True Fear: Forsaken Souls ~ Part 1 (PS4) Review

Up until now, Artifex Mundi has had the monopoly on the Hidden Object Game (HoG) genre on modern consoles, this is a genre I and my parents love to play as the games are fun, casual, accessible for everyone and above all, interesting with their various art styles and stories. However, in comes Goblinz with True Fear: Forsaken Souls ~ Part 1, out now on the PS4 – a developer and game I hadn’t heard of before but since playing the game, I am following very closely.

Whereas Artifex Mundi likes to be fantastical with their games and send you off to enchanted lands filled with magic and talking animals, Gobliz has created a much darker, realistic game in which it aims to try and scare and disturb you. The question is, can this game stand out and appeal to existing fans of the genre and those looking for something casual to play?

Just so you are aware, this is part one of the trilogy, a trilogy that still isn’t complete even though the first game came out on PC back in October 2016. The latest update from the developer on Facebook goes into the reason behind why part two has been delayed and won’t come out for a few more months (it’s out now). The gist of it is that over the last six years (the developer wrote the story six years ago) factors have come into play and the story has been changed and things altered. The developer wasn’t happy with the final product, so they went back to it and they are working on making it more like the original vision. It also appears the game has come to the PS4 in order to help them financially – so I advise all those who like the look of the game to go grab it and help the developer out.

The game moves from the fantastical nature of Artifex Mundi and more towards a dark, gritty thriller-style.

True Fear: Forsaken Souls ~ Part 1 (which I’ll refer to as True Fear from now on), isn’t a typical horror game. The game is more akin to a psychological thriller puzzle game with Hidden Object segments and a rather big bonus section (which I’ll get into later). The story revolves around our protagonist, Holly, as you receive a letter from your sister whom you haven’t heard from in over ten years. She desperately advises you that she needs help and requires your presence in her house as soon as possible. From the moment you arrive at the address you know something isn’t right, the house looks abandoned and it seems as if nothing has been touched in years.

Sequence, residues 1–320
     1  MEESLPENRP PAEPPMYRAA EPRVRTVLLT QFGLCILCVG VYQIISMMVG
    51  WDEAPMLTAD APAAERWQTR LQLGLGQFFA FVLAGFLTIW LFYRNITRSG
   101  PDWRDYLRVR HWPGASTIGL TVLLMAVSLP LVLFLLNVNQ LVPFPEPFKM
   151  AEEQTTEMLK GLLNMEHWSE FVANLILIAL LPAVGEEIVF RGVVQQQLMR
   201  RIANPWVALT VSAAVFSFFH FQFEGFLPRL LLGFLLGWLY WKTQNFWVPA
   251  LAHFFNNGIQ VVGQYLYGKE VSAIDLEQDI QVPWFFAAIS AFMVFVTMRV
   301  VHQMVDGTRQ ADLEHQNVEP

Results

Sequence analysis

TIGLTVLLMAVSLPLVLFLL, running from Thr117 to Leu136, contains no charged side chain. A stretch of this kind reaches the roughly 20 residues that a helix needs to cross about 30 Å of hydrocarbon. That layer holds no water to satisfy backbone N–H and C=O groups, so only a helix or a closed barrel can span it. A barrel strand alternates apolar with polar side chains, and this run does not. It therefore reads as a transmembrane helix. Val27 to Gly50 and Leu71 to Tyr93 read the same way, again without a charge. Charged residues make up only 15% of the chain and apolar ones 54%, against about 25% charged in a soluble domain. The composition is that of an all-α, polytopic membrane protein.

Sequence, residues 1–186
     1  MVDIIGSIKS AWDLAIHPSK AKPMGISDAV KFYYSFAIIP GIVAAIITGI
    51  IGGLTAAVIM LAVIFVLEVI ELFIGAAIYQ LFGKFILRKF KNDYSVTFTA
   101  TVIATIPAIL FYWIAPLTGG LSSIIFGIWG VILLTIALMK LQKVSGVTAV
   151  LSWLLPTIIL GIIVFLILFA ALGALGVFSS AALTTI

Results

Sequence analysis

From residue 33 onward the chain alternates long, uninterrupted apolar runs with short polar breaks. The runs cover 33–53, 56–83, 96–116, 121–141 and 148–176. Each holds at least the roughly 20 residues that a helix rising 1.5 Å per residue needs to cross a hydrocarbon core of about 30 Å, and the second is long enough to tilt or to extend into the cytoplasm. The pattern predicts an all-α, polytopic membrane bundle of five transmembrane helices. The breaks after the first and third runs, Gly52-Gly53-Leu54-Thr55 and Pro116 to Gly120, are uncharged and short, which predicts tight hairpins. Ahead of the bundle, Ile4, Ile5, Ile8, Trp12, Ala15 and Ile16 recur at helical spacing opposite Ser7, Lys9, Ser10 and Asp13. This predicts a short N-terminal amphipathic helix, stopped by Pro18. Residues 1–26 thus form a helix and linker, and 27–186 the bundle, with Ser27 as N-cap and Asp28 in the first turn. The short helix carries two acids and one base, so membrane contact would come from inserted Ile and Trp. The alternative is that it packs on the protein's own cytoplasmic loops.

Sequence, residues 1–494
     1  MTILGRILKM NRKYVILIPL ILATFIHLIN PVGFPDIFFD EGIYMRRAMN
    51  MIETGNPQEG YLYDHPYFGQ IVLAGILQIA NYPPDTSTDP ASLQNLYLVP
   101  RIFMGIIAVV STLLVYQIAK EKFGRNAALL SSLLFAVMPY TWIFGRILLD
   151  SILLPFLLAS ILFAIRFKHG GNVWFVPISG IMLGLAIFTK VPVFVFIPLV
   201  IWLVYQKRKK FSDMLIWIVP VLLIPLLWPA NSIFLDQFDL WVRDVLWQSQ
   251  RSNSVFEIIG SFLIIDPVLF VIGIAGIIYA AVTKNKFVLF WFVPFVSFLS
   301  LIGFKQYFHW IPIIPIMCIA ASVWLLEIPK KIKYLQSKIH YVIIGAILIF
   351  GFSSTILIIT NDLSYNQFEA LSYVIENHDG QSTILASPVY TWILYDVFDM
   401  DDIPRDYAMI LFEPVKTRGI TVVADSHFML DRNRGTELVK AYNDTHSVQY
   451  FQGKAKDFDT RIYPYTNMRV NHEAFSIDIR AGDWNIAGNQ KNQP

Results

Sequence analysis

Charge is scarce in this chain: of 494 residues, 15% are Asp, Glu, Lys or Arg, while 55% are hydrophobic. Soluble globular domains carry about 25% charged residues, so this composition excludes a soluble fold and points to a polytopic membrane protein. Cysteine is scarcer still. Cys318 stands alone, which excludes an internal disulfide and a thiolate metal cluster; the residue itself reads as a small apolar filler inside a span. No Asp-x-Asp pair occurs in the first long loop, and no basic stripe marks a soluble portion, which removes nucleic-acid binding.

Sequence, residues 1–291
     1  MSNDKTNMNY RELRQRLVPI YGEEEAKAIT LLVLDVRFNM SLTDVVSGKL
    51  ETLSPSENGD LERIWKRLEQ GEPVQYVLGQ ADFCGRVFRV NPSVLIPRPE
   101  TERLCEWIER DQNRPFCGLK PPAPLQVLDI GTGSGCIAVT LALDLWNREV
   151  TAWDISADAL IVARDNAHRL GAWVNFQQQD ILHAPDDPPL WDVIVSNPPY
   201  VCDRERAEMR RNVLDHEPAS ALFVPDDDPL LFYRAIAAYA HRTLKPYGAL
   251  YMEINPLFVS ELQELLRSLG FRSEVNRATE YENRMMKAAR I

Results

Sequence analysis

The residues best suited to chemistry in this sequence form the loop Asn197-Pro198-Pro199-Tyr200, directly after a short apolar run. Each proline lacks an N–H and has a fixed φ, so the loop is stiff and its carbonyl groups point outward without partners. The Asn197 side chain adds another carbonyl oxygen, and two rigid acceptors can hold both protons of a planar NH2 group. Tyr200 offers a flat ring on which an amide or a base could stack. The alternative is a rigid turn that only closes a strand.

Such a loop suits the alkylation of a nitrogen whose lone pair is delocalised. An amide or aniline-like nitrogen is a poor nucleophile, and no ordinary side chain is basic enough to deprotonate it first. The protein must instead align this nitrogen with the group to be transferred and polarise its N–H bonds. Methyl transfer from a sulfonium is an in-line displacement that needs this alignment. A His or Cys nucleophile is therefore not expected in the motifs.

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You find the key and head inside, beginning to explore the building for your sister – she must surely be there as she sent you a letter telling you to come! As you search through the rooms and find seemingly random objects which help you progress in other rooms, you begin to see things, a young girl maybe? Clearly, you believe you are going nuts as you don’t believe in ghosts – there has to be someone here as ghosts don’t have the ability to sent letters, do they?

The problem is, the more you look around the house, the more things you uncover about what’s gone on there. The question is, do you carry on uncovering the truth or do you leave and pretend you were never there? That’s up to you… Obviously, I’m not going to spoil the story, but you have a solid 5-7 hours of gameplay here if you’re a once and done type of person; however, if you are looking to get the platinum or most of the trophies then you’re here for a lot longer!

These are all the investigation rooms within one of the main locations – there’s quite a lot to do and see.